Love, Separation and Unity
Damayanti Joshi describes Krishna Leela (1934) as the first production of Menaka, which she choreographed together with dance maestro Pandit Sitaram Prasad. Menaka had recruited a group of performers for the dance-drama: men from the hereditary dance communities and young girls; amateurs whom she trained herself. 1 Walker underlines Menaka’s dance-dramas, or ballets, are an essential element of the dance revival of the 1930s. 2 Although the form can be considered innovative, thematically Menaka didn’t depart from the traditional dance repertoire with its strong emphasis on Krishna.
Krishna as the thematic thrust for dance is rooted in the rise of devotionalism in North India. In contrast to religious practises concentrated on Vedic scriptures, the authority of Brahmins as religious specialists and the observance of caste regulations, bhakti (devotion) was a religion of the heart.
Communities, cults and sects arose where devotees (bhaktas) from all strata of society choose self-surrendering worship of either Ram or Krishna; two different forms of Vishnu. Abundant devotional poetry evoked a divine romance between Krishna and his beloved disciple Radha, a milkmaid – a metaphor for the love between God and the human soul. This metaphor was articulated in terms of an ardent love (shringara, madhurya) or a tormenting seperation (viraha). 3
An early poem that expressed the devotee’s longing for God through the idiom of love, was the Gītagovinda (Song of the Cowherd) by Jayadeva (12th century). From this poem the genre of krishna lila developed 4; stories of how Krishna lived as an earthly being.
Joshi writes Menaka’s inspiration for her choreography was the poet Vidyāpati Thakur (ca. 1352-1448). Said to be born in the village of Bisphī, in the current Madhubani district was a courtier in the Tirhut Kingdom. As a brahmin ritual specialist, he authored Sanskrit treatises on ritual and ethical topics. Being a versatile writer, he also composed between two and three hundred lyrical poems. These padas were written in the vernacular Maithili, spoken in the Tirhut region. In the sixteenth century, bhaktas introduced Vidyapati’s work in Bengal. His padas were meant for the common people, and they are still sung to this day. 5 Therefore it is entirely conceivable Menaka became acquainted with the bhakti repertoire whilst growing up in Bengal. On the other hand, Indian intellectuals attributed profound significance to bhakti poetry.
Artists and poets
Scholar Stratton Hawkey examined the narrative that the Bengali intelligentsia developed in the first decades of the twentieth century. The term bhakti andolan expressed the idea of a movement that originated in southern India in the eighth century and gradually engulfed the entire subcontinent. The notion of a movement that included different regional cultures and castes advanced the cause of national unity. It refuted the colonial claim that only the British Raj had succeeded in unifying a people divided by differences of caste, religion and language. Furthermore, according to the nationalists, the bhakti andolan burst forth during the eighth until the sixteenth century; a period that coincided with the ascendency of Islamic, Mughal rule in India. Hence bhakti epitomized a spiritual domain where a dominant, foreign rule was resisted.6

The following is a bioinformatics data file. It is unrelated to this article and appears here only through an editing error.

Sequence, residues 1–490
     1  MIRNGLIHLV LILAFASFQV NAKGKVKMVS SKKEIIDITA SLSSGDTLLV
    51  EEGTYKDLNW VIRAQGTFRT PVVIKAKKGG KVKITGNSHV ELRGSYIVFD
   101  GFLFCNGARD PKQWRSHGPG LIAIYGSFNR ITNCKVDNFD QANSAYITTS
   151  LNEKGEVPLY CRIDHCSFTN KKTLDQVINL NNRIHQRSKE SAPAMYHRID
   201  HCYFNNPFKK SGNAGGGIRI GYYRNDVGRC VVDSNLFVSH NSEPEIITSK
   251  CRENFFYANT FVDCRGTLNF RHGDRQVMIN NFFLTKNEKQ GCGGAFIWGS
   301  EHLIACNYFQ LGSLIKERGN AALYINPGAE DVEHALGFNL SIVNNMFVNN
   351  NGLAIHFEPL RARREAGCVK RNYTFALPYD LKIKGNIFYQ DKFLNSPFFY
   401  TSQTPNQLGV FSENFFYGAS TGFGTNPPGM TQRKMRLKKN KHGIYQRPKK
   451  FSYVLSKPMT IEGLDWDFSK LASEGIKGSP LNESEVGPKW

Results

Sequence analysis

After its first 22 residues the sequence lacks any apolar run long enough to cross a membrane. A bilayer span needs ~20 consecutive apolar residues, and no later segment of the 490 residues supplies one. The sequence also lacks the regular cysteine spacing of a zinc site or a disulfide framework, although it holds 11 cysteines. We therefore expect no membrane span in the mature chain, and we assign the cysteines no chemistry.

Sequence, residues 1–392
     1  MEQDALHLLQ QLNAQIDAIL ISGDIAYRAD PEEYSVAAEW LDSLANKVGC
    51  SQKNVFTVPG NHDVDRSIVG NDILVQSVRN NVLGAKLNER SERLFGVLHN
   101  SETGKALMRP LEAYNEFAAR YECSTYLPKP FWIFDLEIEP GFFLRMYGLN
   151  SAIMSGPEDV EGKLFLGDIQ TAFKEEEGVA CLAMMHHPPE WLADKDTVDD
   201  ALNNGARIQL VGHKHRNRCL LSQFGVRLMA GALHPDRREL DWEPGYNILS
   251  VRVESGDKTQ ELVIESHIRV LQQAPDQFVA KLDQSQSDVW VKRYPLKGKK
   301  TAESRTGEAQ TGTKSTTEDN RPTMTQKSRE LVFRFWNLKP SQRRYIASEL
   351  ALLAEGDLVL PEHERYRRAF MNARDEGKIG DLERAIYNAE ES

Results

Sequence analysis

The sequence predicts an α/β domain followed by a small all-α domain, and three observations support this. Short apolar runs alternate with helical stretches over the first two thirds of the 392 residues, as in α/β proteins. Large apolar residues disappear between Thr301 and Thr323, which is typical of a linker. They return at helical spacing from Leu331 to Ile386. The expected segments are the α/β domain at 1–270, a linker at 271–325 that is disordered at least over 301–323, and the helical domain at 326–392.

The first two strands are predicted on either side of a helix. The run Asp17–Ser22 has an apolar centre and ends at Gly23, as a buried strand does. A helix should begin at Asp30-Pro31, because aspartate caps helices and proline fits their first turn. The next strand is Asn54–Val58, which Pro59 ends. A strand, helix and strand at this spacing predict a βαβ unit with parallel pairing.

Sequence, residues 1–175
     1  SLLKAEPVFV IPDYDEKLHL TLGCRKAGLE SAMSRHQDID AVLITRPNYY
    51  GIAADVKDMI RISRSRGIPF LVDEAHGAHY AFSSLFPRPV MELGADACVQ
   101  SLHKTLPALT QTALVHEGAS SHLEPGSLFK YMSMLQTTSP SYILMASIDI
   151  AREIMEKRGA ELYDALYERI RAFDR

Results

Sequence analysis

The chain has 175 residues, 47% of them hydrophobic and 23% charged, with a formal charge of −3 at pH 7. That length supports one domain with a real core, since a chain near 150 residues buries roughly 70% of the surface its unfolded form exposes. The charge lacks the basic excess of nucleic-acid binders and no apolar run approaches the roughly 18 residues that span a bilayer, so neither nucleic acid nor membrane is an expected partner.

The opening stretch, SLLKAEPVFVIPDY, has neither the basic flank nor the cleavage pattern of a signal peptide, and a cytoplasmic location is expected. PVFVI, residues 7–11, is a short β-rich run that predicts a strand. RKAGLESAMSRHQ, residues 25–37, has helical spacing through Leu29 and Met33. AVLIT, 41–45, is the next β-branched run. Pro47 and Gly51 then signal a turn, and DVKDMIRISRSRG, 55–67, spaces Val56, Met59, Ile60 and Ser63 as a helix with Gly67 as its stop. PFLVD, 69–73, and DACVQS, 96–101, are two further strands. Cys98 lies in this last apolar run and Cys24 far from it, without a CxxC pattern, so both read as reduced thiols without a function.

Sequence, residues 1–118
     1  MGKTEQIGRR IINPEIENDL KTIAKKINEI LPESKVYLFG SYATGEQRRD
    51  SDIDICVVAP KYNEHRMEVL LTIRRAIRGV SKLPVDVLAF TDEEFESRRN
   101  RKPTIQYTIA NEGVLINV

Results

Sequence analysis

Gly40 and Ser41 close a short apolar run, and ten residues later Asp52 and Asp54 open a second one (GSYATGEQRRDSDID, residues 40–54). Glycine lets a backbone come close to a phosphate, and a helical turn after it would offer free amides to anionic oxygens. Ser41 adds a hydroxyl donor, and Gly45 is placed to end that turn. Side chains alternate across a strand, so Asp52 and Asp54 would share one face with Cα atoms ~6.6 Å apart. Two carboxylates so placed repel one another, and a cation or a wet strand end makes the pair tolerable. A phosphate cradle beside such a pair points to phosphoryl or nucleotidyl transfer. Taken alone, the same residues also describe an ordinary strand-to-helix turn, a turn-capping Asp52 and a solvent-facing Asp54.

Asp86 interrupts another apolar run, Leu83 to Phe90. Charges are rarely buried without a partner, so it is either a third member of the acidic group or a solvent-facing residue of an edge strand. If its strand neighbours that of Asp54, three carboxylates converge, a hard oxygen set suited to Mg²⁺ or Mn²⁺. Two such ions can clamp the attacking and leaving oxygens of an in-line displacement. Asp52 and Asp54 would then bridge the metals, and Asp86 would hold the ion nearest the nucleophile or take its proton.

An energetic advocate of the idea of bhakti andolan was Rabindranath Tagore. who as a teenager wrote in the style of Vidyapati. Tagore’s associate Ananda Kentish Coomaraswamy (1877 – 1847) published an English translation of Vidyapati’s padabali’. The Tamil-British Coomaraswamy would make his mark as the curator of Asian Arts of the Boston Museum of Fine Arts. In the foreword of his translation, Coomaraswamy idealized Vidyapati’s era: ‘[…] these were days when peasants yet spoke as elegantly as courtiers, and kings and cultivators shared one faith and a common view of life.’ 7
His thinking was focused on art history and aesthetics, although he did connect Indian art to the notion of Swaraj (self-rule). He argued the adoption of western culture had been undifferentiated, resulting in corrosion of their national identity. ‘[…] Nations are made by artists and by poets, not by traders and politicians. Art contains in itself the deepest principles of life’, 8 therefore nationalists were to concentrate on building a cultural autonomy. This included all the arts, as he wrote: ‘of the dance you never weary; there is eternal wonder in the perfect refinement of its grace, and the mental concentration to control each muscle so completely, for this is […] the elaborated art of three thousand years [it] idealizes every passion, human and divine, for it tells of the intensity of Radha’s love for Krishna.’ 9
1. Damayanti Joshi, Madame Menaka (New Delhi 1989) 12.
2. Margaret E. Walker, India’s Kathak dance in historical perspective (Farnham; Burlington 2014) 125.
3. Patton E. Burchett, A Genealogy of Devotion. Bhakti, Tantra, Yoga, and Sufism in North India (New York 2019) 2-3.
4. Kapila Vatsyayan, Indian Classical Dance (New Delhi 1974) 85.
5. Christopher L. Diamond, ‘The Strange Afterlife of Vidyāpati Ṭhākura (ca. 1350–1450 CE): Anthological Manuscripts, Linguistic Confusion, and Religious Appropriation’, Manuscript Studies: A Journal of the Schoenberg Institute 4/ 1 (2019) 72-92, here 75-76 and 81.
6. John Stratton Hawley, A Storm of Songs: India and the Idea of the Bhakti Movement (Cambridge 2015) 13-14, 19.
7. Ananda K. Coomaraswamy, Vidyapati: Bangiya Padabali. Songs of the love of Radha and Krishna translated into English by Ananda Coomaraswamy and Arun Sen with introduction and notes and illustrations from Indian paintings (London 1915).
8. Ananda K. Coomaraswamy, Essays in National Idealism (Colombo 1909) ii.
9. Coomaraswamy, Essays in National Idealism, 212.
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